I-70 Westbound Peak Period Shoulder Lane

A project team is studying a proposal to build an Express Lane on a 12-mile stretch of westbound I-70 in the mountains (between Empire Junction and the Veterans Memorial Tunnels), similar to the I-70 Mountain Express Lane. The team plans to complete the study—a National Environmental Policy Act process—in fall 2018. Construction is planned to begin in late spring or summer 2019, assuming funding is identified.

Proposed Improvements

The project proposes adding a 12-mile tolled westbound peak-period shoulder lane between the Veterans Memorial Tunnels (mile point—MP—243) and the US Highway 40 and I-70 interchange (exit 232). Proposed improvements include:

The team proposes I-70 be resurfaced and widened by small amounts in select areas to convert the shoulder into a tolled travel lane during peak periods (Peak-Period Shoulder Lane, aka PPSL). This would create:

  1. Three travel lanes during peak periods.
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  3. The addition of new emergency pull-outs for emergencies and enforcement.

The two general-purpose lanes would remain open and free to all travelers at all times. During non-peak periods, the PPSL would be closed to traffic and function as an extra-wide shoulder.

Similar to the eastbound I-70 Mountain Express Lane, the westbound PPSL would use transponders and license plate tolling. Pricing would be adjusted to achieve the desired lane use and provide drivers with a reliable travel time option through the corridor during peak periods. The operational days and times would coincide with peak travel periods on weekends and holidays.

Ramp improvements at the US 40 interchange would reduce vehicular collisions with wildlife. Every year, an average of eight wildlife-vehicle collisions are reported to law enforcement in this area. Improvements include introducing a stop sign on the westbound I-70 on-ramp from US 40 and adding warning signs.

Ramp improvements would address sight-distance problems. The pedestrian sidewalk would be improved by adding lighting and a decorative paving buffer adjacent to the existing sidewalk on the CO 103 bridge over I-70. This sidewalk would connect to a new sidewalk buffered from 13th Avenue between the interchange ramp and Idaho Street in Idaho Springs.

To accommodate the Westbound PPSL, a rock cut would be required on the north side of I-70 at MP 239, at the westbound I-70 on-ramp at the west end of Idaho Springs. Rockfall mitigation measures would be added at four locations to prevent rocks or other debris from falling on lanes or shoulders, and reduce the potential for crashes and travel disruptions.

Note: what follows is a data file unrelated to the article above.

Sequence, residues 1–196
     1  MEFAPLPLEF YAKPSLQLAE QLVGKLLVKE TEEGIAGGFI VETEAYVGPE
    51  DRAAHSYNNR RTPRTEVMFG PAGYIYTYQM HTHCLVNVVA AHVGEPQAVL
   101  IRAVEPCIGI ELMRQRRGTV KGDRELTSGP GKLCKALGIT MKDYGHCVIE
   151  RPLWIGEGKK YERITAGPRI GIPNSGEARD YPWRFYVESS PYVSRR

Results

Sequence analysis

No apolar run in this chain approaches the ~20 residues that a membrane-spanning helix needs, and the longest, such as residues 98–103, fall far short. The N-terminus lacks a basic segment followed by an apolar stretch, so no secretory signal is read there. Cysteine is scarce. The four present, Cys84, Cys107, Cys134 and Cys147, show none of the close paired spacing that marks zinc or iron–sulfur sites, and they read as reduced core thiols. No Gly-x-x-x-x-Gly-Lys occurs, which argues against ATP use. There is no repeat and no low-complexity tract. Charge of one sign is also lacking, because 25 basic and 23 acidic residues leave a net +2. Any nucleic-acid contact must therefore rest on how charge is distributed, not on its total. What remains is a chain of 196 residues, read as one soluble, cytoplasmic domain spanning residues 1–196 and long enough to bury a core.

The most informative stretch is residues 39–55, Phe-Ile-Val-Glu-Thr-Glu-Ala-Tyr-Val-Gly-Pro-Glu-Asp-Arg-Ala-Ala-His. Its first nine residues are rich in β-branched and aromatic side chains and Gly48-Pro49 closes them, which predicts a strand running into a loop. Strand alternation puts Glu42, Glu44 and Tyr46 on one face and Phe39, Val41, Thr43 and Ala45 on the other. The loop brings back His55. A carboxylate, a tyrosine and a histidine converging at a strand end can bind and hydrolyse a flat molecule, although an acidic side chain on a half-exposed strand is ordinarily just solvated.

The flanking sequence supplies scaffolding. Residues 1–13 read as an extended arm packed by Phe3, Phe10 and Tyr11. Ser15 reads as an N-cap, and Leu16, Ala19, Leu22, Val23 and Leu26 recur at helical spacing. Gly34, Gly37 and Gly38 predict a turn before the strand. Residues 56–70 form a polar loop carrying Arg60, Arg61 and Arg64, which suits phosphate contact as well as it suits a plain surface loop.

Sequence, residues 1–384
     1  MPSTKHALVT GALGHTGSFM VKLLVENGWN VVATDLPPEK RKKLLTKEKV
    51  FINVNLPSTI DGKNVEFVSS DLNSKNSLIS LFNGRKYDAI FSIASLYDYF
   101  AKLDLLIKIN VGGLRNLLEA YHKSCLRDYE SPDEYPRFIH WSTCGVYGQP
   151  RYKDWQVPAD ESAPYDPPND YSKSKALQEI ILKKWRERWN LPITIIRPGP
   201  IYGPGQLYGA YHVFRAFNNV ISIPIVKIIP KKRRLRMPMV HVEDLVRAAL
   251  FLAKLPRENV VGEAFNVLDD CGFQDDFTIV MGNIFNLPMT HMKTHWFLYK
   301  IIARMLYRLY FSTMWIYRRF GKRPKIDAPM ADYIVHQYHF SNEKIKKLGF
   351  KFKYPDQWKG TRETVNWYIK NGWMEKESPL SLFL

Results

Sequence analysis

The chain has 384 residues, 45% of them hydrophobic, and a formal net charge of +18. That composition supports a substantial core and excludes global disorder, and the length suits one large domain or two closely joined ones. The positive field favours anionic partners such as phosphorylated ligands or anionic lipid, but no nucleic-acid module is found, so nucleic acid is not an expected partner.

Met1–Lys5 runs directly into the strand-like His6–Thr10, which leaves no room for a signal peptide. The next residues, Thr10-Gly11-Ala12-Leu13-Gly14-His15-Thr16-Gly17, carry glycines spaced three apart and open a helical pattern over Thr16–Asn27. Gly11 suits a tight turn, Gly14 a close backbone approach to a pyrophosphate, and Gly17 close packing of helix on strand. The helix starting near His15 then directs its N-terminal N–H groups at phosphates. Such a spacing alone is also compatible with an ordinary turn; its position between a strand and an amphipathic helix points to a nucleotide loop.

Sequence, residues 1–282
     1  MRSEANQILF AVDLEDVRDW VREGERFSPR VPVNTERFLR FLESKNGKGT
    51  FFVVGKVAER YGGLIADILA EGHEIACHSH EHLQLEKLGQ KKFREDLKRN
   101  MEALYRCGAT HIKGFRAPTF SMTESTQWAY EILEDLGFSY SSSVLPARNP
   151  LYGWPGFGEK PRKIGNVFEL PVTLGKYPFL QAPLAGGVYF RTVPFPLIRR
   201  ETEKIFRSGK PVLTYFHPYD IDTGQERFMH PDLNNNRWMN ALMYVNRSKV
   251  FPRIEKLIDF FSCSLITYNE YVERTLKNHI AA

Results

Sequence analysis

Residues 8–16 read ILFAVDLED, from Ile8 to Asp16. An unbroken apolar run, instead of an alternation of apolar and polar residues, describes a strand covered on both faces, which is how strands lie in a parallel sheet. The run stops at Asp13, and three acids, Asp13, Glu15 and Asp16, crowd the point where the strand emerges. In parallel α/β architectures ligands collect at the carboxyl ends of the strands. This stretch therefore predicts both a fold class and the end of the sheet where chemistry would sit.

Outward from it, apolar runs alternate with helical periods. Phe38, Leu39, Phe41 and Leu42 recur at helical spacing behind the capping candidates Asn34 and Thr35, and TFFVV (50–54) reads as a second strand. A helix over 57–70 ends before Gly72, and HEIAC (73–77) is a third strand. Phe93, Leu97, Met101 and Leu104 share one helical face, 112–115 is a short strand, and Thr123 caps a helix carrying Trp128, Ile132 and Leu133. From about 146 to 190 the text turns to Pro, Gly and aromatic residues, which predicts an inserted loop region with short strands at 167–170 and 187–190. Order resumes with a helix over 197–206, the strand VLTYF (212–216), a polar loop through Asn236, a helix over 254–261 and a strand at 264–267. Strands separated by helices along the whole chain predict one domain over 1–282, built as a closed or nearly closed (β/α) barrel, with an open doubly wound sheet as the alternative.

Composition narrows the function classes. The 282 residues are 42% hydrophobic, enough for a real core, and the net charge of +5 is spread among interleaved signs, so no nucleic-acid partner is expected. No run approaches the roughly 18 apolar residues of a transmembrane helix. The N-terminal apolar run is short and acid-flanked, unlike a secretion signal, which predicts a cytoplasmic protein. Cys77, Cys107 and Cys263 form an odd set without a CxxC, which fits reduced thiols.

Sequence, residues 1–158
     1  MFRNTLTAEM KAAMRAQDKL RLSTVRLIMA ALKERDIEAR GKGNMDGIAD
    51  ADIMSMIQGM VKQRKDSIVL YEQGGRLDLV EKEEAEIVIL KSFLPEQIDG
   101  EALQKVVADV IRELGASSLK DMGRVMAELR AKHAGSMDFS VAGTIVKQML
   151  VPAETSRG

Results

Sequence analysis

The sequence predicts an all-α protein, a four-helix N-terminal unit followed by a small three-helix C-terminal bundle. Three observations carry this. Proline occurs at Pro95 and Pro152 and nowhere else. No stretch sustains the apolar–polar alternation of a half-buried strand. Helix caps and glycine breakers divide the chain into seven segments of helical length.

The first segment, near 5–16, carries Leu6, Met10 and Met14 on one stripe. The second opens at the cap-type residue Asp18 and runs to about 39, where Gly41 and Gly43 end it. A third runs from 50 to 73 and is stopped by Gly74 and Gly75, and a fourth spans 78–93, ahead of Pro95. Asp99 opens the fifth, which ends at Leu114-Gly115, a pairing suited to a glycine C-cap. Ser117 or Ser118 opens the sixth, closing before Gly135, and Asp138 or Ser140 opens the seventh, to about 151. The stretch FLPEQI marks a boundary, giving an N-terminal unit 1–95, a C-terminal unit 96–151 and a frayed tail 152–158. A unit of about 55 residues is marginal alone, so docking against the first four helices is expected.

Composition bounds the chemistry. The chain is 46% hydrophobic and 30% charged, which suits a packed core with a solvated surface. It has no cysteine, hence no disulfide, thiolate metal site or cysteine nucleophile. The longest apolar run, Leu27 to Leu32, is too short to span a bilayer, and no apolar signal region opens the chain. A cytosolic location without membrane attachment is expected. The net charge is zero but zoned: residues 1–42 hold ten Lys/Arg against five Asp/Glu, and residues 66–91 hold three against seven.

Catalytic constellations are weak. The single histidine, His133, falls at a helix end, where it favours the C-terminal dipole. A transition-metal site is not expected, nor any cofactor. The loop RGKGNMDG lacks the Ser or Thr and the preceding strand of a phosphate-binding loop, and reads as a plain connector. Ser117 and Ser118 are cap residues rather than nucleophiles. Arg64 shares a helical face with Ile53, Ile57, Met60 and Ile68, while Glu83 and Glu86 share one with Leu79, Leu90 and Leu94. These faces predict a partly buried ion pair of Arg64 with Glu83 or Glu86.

Westbound I-70 is frequently affected by rockfalls; in 2014, I-70 was closed in both directions just west of Idaho Springs for three days.

Dynamic signage would inform drivers when the peak-period shoulder lane is available for use to reduce congestion. This innovative design improves mobility.

Fiber optic cables would be specifically designed and located to accommodate future emerging technologies for autonomous and connected vehicles, improving driver information and emergency response capabilities.

Merge-area improvements to the Dumont interchange acceleration lane would include restriping of I-70 to reduce merge conflicts between truck traffic and the general purpose lane.

Project Facts

  • Cost: $70-$80 million
  • Location: On westbound I-70 between Empire Junction (mile point 230) and the Veterans Memorial Tunnels (MP 242)
  • Team: The project is following the I-70 Mountain Corridor CSS process. This process includes establishing a project leadership team, a technical team, and at least three issue task forces to discuss impacts to historic properties, wildlife and water resources.

    The CSS process includes establishing a context statement and core values of safety; mobility and accessibility; implementability; community; recreation; environment; engineering criteria and aesthetic guidance; sustainability; historic context; and decision-making.

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The I-70 Mountain corridor is a magnificent, scenic place in close proximity to the Denver Metro area. Human elements are woven through breathtaking natural features. The integration of these diverse elements has occurred over the course of time. The corridor is a recreational destination for the world, a route for interstate and local commerce and a unique place to live.

I-70 is also federally designated as a high-priority corridor, a significant part of the defense network, a major east/west continental corridor and a major economic corridor for Colorado. For many local communities along the corridor, I-70 is the lifeline, primary access and only connection to other communities.

Current I-70 roadway geometry is constrained with narrow shoulders and tight curves that impact safety, mobility, accessibility, and capacity for travelers and residents. In a manner that respects the unique environmental, historic, community and recreational resources in Clear Creek County, westbound improvements are needed to lessen delays caused by peak period volumes.


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